Posts tagged "1113014"

Commonwealth v. Sayyid (Lawyers Weekly No. 11-130-14)

NOTICE: All slip opinions and orders are subject to formal revision and are superseded by the advance sheets and bound volumes of the Official Reports. If you find a typographical error or other formal error, please notify the Reporter of Decisions, Supreme Judicial Court, John Adams Courthouse, 1 Pemberton Square, Suite 2500, Boston, MA, 02108-1750; (617) 557-1030; SJCReporter@sjc.state.ma.us 11-P-2150 Appeals Court COMMONWEALTH vs. ABDULLAH MUHAMMAD SAYYID.1 No. 11-P-2150. Worcester. March 7, 2014. – October 6, 2014. Present: Katzmann, Rubin, & Carhart, JJ. Due Process of Law, Probation revocation, Hearing. Practice, Criminal, Revocation of probation, Probation, Stipulation, Waiver. Intellectually Disabled Person. Mental Impairment. Waiver. Indictments found and returned in the Superior Court Department on July 30, 1999. A proceeding for revocation of probation was heard by Kathe M. Tuttman, J., and Peter W. Agnes, Jr., J., and a motion for release from unlawful restraint was heard by Daniel M. Wrenn, J. Eleanor Hertzberg for the defendant. Stephen J. Carley, Assistant District Attorney, for the Commonwealth. 1 At the time of the probation revocation hearing, the defendant’s name was Anthony J. Conley. He formally changed his name to Abdullah Muhammad Sayyid through an order of the Probate and Family Court in August, 2009. 2 KATZMANN, J. The defendant, who is intellectually disabled, appeals from the denial, after an evidentiary hearing, of his claim that his attorney’s stipulation to violation of conditions of probation contravened his due process rights. This appeal presents the questions whether, in a probation revocation proceeding, a stipulation to probation violations resulting in waiver of a hearing must be knowing and voluntary and whether a judge is under an obligation to directly address the defendant to ascertain that the waiver was knowing and voluntary. We conclude that a defendant’s agreement to waive a probation revocation hearing — such as by stipulating to violations — must be knowing and voluntary, that such waiver is to be assessed under the totality of the circumstances, and that although there may be sound judicial administration arguments for the promulgation of a rule codifying a contemporaneous waiver protocol, no particular colloquy is constitutionally required at the time of the waiver. However, we further conclude that the record here does not support a determination that the defendant’s waiver was knowing and voluntary. We reverse. Background. After being examined for competency and criminal responsibility pursuant to G. L. c. 123, § 15(a), the defendant executed a waiver of rights and entered an Alford plea (North Carolina v. Alford, 400 U.S. 25 [1970]) to one count each 3 of rape of a child under sixteen by force in violation of G. L. c. 265, § 22A, and indecent assault and battery on a child under fourteen in […]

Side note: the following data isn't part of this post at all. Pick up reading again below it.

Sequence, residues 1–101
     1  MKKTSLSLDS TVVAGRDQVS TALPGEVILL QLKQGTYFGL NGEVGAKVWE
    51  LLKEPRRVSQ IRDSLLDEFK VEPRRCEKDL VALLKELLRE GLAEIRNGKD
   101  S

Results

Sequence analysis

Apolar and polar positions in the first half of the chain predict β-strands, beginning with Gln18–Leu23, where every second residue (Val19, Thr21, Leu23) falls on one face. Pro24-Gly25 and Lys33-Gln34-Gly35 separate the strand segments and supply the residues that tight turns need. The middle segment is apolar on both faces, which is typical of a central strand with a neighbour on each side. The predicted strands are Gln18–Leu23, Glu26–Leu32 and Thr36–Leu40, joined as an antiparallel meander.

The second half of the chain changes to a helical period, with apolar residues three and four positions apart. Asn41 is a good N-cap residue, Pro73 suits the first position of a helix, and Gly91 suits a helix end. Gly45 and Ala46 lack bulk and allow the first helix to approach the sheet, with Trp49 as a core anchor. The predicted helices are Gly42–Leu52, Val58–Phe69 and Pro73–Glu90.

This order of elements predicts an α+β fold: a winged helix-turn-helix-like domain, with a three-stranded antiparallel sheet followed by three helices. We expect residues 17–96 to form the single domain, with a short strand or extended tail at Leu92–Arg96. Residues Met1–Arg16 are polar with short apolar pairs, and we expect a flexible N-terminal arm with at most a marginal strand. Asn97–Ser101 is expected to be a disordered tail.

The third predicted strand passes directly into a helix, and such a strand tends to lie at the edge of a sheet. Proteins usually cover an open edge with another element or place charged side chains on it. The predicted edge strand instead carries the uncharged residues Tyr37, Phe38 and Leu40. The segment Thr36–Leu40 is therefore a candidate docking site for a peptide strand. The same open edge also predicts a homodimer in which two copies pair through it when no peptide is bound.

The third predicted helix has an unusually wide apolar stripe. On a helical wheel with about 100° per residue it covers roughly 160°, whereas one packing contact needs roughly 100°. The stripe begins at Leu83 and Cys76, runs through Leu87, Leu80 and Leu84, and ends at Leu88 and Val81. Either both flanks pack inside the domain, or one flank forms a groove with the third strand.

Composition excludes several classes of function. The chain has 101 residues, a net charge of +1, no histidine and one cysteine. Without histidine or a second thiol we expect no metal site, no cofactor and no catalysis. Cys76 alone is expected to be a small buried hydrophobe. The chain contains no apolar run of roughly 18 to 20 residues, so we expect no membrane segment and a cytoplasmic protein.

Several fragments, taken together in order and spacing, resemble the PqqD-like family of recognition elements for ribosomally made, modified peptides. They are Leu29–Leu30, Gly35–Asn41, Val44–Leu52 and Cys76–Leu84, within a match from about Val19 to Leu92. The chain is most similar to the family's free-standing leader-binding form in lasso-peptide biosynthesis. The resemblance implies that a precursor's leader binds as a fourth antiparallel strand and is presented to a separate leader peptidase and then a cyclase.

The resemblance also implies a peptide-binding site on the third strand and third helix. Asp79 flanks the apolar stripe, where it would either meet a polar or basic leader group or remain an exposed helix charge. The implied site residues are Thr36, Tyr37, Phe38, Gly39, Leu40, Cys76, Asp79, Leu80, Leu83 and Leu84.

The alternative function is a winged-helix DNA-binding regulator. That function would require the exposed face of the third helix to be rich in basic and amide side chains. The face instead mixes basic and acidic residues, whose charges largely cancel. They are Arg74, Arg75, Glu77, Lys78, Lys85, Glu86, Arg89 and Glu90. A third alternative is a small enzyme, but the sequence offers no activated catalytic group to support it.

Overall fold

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Posted by Massachusetts Legal Resources - October 7, 2014 at 12:56 am

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